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Sökning: WFRF:(Sluijs Ivonne) > (2019)

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  • Imamura, Fumiaki, et al. (författare)
  • Estimated Substitution of Tea or Coffee for Sugar-Sweetened Beverages Was Associated with Lower Type 2 Diabetes Incidence in Case-Cohort Analysis across 8 European Countries in the EPIC-InterAct Study
  • 2019
  • Ingår i: Journal of Nutrition. - American Society for Nutrition. - 0022-3166. ; 149:11, s. 1985-1993
  • Tidskriftsartikel (refereegranskat)abstract
    • Introduction: Beverage consumption is a modifiable risk factor for type 2 diabetes (T2D), but there is insufficient evidence to inform the suitability of substituting 1 type of beverage for another. Objective: The aim of this study was to estimate the risk of T2D when consumption of sugar-sweetened beverages (SSBs) was replaced with consumption of fruit juice, milk, coffee, or tea. Methods: In the European Prospective Investigation into Cancer and Nutrition (EPIC)-InterAct case-cohort study of 8 European countries (n = 27,662, with 12,333 cases of incident T2D, 1992-2007), beverage consumption was estimated at baseline by dietary questionnaires. Using Prentice-weighted Cox regression adjusting for other beverages and potential confounders, we estimated associations of substituting 1 type of beverage for another on incident T2D. Results: Mean ± SD of estimated consumption of SSB was 55 ± 105 g/d. Means ± SDs for the other beverages were as follows: fruit juice, 59 ± 101 g/d; milk, 209 ± 203 g/d; coffee, 381 ± 372 g/d; and tea, 152 ± 282 g/d. Substituting coffee for SSBs by 250 g/d was associated with a 21% lower incidence of T2D (95% CI: 12%, 29%). The rate difference was-12.0 (95% CI:-20.0,-5.0) per 10,000 person-years among adults consuming SSBs ≥250 g/d (absolute rate = 48.3/10,000). Substituting tea for SSBs was estimated to lower T2D incidence by 22% (95% CI: 15%, 28%) or-11.0 (95% CI:-20.0,-2.6) per 10,000 person-years, whereas substituting fruit juice or milk was estimated not to alter T2D risk significantly. Conclusions: These findings indicate a potential benefit of substituting coffee or tea for SSBs for the primary prevention of T2D and may help formulate public health recommendations on beverage consumption in different populations.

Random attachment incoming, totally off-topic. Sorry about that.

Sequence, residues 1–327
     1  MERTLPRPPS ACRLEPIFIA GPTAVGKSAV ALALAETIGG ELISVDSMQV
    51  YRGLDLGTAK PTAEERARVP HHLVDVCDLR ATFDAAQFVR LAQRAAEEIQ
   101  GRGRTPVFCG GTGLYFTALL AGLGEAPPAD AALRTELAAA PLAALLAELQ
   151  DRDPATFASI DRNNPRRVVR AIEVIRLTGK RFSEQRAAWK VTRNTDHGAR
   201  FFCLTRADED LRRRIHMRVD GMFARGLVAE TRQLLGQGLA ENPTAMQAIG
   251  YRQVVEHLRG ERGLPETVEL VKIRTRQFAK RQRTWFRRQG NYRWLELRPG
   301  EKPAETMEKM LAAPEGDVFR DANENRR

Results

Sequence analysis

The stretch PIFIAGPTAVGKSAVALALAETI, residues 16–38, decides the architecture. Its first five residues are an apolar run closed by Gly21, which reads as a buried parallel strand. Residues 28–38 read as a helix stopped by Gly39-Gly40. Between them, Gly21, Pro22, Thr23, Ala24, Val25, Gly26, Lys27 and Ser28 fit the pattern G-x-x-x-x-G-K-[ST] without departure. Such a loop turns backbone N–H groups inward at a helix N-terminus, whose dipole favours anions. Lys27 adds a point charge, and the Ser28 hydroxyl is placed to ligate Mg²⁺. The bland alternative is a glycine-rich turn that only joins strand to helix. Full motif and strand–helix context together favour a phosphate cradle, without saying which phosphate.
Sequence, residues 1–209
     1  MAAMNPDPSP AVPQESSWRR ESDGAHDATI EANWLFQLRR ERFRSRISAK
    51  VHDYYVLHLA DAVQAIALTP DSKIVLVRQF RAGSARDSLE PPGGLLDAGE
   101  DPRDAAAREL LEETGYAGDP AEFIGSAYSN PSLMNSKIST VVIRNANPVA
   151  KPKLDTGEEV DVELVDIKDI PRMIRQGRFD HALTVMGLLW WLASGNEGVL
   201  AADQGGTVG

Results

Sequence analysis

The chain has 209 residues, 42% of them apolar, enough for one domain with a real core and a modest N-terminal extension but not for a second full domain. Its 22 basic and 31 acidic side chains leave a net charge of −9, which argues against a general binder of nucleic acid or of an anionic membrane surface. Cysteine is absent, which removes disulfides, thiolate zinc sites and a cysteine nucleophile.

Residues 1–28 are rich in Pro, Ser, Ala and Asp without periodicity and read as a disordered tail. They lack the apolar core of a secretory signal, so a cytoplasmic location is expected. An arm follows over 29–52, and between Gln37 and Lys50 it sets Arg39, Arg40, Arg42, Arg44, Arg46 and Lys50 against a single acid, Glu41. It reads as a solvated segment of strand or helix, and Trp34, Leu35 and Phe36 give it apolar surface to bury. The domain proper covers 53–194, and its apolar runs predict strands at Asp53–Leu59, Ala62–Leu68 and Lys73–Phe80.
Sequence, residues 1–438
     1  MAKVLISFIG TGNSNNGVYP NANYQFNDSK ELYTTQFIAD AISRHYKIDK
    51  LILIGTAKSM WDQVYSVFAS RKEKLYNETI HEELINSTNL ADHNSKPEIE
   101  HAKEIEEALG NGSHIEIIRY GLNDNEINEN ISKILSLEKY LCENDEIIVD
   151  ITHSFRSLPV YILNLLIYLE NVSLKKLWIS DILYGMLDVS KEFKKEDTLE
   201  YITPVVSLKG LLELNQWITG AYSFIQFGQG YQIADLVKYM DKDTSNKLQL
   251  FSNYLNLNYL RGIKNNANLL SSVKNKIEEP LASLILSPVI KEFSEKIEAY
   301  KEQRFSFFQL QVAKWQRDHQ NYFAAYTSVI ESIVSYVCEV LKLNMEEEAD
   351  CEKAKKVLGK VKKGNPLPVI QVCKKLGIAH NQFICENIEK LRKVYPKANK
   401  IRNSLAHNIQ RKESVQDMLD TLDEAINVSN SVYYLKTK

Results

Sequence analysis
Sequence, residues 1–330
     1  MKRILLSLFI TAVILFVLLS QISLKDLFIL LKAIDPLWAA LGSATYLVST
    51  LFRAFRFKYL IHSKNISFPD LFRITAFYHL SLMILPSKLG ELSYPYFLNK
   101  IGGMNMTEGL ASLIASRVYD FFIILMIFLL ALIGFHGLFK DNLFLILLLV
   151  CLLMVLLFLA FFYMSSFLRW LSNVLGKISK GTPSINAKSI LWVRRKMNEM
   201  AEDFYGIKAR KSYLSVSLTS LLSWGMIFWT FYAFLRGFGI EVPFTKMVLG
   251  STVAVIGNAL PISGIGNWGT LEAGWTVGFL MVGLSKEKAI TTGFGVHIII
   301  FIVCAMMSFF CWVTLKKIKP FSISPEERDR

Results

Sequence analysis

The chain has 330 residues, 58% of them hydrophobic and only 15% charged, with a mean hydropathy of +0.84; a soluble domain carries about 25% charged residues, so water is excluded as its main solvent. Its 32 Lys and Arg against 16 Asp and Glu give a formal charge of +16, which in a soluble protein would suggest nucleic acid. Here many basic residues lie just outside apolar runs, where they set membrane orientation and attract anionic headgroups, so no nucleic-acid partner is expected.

• Jannasch, Franziska, et al. (författare)
  • Generalizability of a Diabetes-Associated Country-Specific Exploratory Dietary Pattern Is Feasible Across European Populations
  • 2019
  • Ingår i: The Journal of nutrition. - American Society for Nutrition. - 1541-6100. ; 149:6, s. 1047-1055
  • Tidskriftsartikel (refereegranskat)abstract
    • BACKGROUND: Population-specificity of exploratory dietary patterns limits their generalizability in investigations with type 2 diabetes incidence. OBJECTIVE: The aim of this study was to derive country-specific exploratory dietary patterns, investigate their association with type 2 diabetes incidence, and replicate diabetes-associated dietary patterns in other countries. METHODS: Dietary intake data were used, assessed by country-specific questionnaires at baseline of 11,183 incident diabetes cases and 14,694 subcohort members (mean age 52.9 y) from 8 countries, nested within the European Prospective Investigation into Cancer and Nutrition study (mean follow-up time 6.9 y). Exploratory dietary patterns were derived by principal component analysis. HRs for incident type 2 diabetes were calculated by Prentice-weighted Cox proportional hazard regression models. Diabetes-associated dietary patterns were simplified or replicated to be applicable in other countries. A meta-analysis across all countries evaluated the generalizability of the diabetes-association. RESULTS: Two dietary patterns per country/UK-center, of which overall 3 dietary patterns were diabetes-associated, were identified. A risk-lowering French dietary pattern was not confirmed across other countries: pooled HRFrance per 1 SD: 1.00; 95% CI: 0.90, 1.10. Risk-increasing dietary patterns, derived in Spain and UK-Norfolk, were confirmed, but only the latter statistically significantly: HRSpain: 1.09; 95% CI: 0.97, 1.22 and HRUK-Norfolk: 1.12; 95% CI: 1.04, 1.20. Respectively, this dietary pattern was characterized by relatively high intakes of potatoes, processed meat, vegetable oils, sugar, cake and cookies, and tea. CONCLUSIONS: Only few country/center-specific dietary patterns (3 of 18) were statistically significantly associated with diabetes incidence in this multicountry European study population. One pattern, whose association with diabetes was confirmed across other countries, showed overlaps in the food groups potatoes and processed meat with identified diabetes-associated dietary patterns from other studies. The study demonstrates that replication of associations of exploratory patterns with health outcomes is feasible and a necessary step to overcome population-specificity in associations from such analyses.